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Oklahoma City Thunder: Similar series to OKC-Houston

by Berry Tramel Published: May 2, 2013

The Thunder-Rockets series reminds us of some recent playoff series, for a variety of reasons. Here are three:


In Game 1 last April, the Bulls had a 99-87 lead with 1:10 left when Derrick Rose went down with a knee injury. He still hasn’t returned from that injury, and he most certainly wasn’t coming back in that Eastern Conference first-round series.

The top-seeded Bulls held on for a 103-91 victory that day. But with C.J. Watson forced to take over at point guard, Chicago struggled. The Bulls had tied the Spurs for the NBA’s best record, and they entered the playoffs as highly-touted as the Heat. But Chicago lost Game 2 at home 109-92.

Then the series shifted to Philadelphia, and the 76ers won both 79-74 and 89-82. Chicago stayed alive in Game 5, 77-69. Then came Game 6 in Philly. The Bulls led 78-75 with 20 seconds left. Chicago coach Tom Thibodeau inserted Ronnie Brewer — yep, Ronnie Brewer — for defensive purposes. Lou Williams sank a basket for Philadelphia to make it 78-77.

The 76ers fouled with 7.8 seconds left. The 76ers fouled Omer Asik — yep, Omer Asik — and Asik missed both foul shots. The Sixers came down, and Andre Igoudala drew a foul with 2.2 seconds left. He sank both to give the Sixers the lead. Then Watson missed a halfcourt heave at the buzzer.

Chicago clearly missed its all-star point guard. The Bulls scored 103 in their first game without Rose. But then Chicago scored 74, 82, 77 and 78 points.

Similarity to Thunder-Rockets: A star player is sidelined, and it changes the entire landscape of the series. The Bulls went 1-4 without Rose. The Thunder is 1-2 without Westbrook.

Dissimilarity to Thunder-Rockets: The Thunder has Kevin Durant. The Bulls had/have no Kevin Durant.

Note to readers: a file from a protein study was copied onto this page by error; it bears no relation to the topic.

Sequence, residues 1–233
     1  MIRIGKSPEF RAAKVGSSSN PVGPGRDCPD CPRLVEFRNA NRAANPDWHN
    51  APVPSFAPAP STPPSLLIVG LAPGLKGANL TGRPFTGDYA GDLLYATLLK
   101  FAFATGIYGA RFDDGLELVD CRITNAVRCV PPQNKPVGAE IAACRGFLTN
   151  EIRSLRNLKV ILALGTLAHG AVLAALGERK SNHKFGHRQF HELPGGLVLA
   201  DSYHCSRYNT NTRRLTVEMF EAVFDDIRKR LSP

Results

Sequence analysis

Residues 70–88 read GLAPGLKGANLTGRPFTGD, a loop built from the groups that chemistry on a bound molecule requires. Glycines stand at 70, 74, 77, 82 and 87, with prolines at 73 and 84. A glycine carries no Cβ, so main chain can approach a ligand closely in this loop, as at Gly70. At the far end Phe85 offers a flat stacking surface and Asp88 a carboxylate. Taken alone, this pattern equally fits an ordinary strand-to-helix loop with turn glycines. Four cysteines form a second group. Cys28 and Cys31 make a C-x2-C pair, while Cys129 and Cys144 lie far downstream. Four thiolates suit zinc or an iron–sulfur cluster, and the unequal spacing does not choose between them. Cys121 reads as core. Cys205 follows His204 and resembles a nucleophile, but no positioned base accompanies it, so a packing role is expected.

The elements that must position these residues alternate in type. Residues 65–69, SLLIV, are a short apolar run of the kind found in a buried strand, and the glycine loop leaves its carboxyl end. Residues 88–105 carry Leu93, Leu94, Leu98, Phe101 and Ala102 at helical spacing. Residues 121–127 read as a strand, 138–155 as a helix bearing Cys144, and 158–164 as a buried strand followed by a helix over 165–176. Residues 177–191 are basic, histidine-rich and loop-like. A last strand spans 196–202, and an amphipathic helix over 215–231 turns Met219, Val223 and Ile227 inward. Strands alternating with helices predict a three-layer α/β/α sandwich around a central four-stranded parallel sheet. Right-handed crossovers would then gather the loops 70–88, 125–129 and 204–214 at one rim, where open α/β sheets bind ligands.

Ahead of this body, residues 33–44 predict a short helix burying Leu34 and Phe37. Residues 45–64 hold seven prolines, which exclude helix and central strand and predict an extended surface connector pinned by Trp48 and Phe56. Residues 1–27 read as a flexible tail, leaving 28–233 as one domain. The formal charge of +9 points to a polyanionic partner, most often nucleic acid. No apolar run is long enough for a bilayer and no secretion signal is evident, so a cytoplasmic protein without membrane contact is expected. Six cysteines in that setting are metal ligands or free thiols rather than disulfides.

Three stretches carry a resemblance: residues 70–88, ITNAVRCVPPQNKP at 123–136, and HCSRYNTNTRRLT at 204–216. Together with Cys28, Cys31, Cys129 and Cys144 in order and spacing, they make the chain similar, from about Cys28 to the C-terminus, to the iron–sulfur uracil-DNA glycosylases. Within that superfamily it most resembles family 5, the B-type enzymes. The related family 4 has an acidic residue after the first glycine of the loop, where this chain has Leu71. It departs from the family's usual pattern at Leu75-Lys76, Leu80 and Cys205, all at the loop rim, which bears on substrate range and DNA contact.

Only four times has a No. 8 seed eliminated a No. 1 seed. The Rockets are attempting to become the fifth. Their patron saint might be the 2007 Warriors. Dallas entered the playoffs with a 67-15 record. Golden State was 42-40 and was making its first playoff appearance in 13 years.

But the Warriors, coached by Don Nelson, monkeyed with the Mavericks’ psyche. They went small, before that was a common occurrence in the NBA. Golden State started Al Harrington at center and Stephen Jackson at power forward, to go with perimeter players Baron Davis, Monta Ellis and Jason Richardson. They brought Matt Barnes and Mickael Pietrus off the bench. Backup center Andris Beidrens played just seven minutes in Game 1 — and Golden State won 97-85.

The Warriors stayed one step ahead the rest of the way, winning the series in six games. Dallas continually shifted its lineup, seeking an answer. The Mavs never found one. Golden State won Game 6 111-86.

Similarity to Thunder-Rockets: A big underdog plays an unconventional lineup and finds success against the defending West champ.

Dissimilarity to Thunder-Rockets: Golden State got on top and never took the foot off the pedal. Houston was down 3-0 and is climbing to get back.


The sixth-seeded Blazers lost the first three games of the first-round series. They staved off a sweep by winning at home, 98-79 in Game 4. When the series went back to Dallas, Zach Randolph scored 22 points to lead Portland to a 103-99 victory, and suddenly the series was very interesting.

Game 6 was sobering for the Mavericks — Portland led 97-66 after three quarters and won 125-103.

So back to Dallas for Game 7, and the game was a doozy. With 3:13 left, Scottie Pippen’s 3-pointer tied it for Portland at 93-93. But over the next four Mav possessions, Dirk Nowitzki scored seven points, two off regular field goals, then a 3-pointer that made it 100-94. Dallas held on for a 107-95 victory that kept the Mavs from being the only team in NBA history to squander a 3-0 lead.

Similarity to Thunder-Rockets: A heavy favorite takes a 3-0 lead, then loses two straight to turn the series very interesting.

Dissimilarity to Thunder-Rockets: That Portland team was not an up-and-down team. It won 50 games and did not rely on the whims of 3-point shooting. Those Blazers could pound the ball inside with Randoph, Rasheed Wallace and Arvydas Sabonis. This Houston team can get hot, but it also can get cold.



by Berry Tramel
Berry Tramel, a lifelong Oklahoman, sports fan and newspaper reader, joined The Oklahoman in 1991 and has served as beat writer, assistant sports editor, sports editor and columnist. Tramel grew up reading four daily newspapers — The Oklahoman,...
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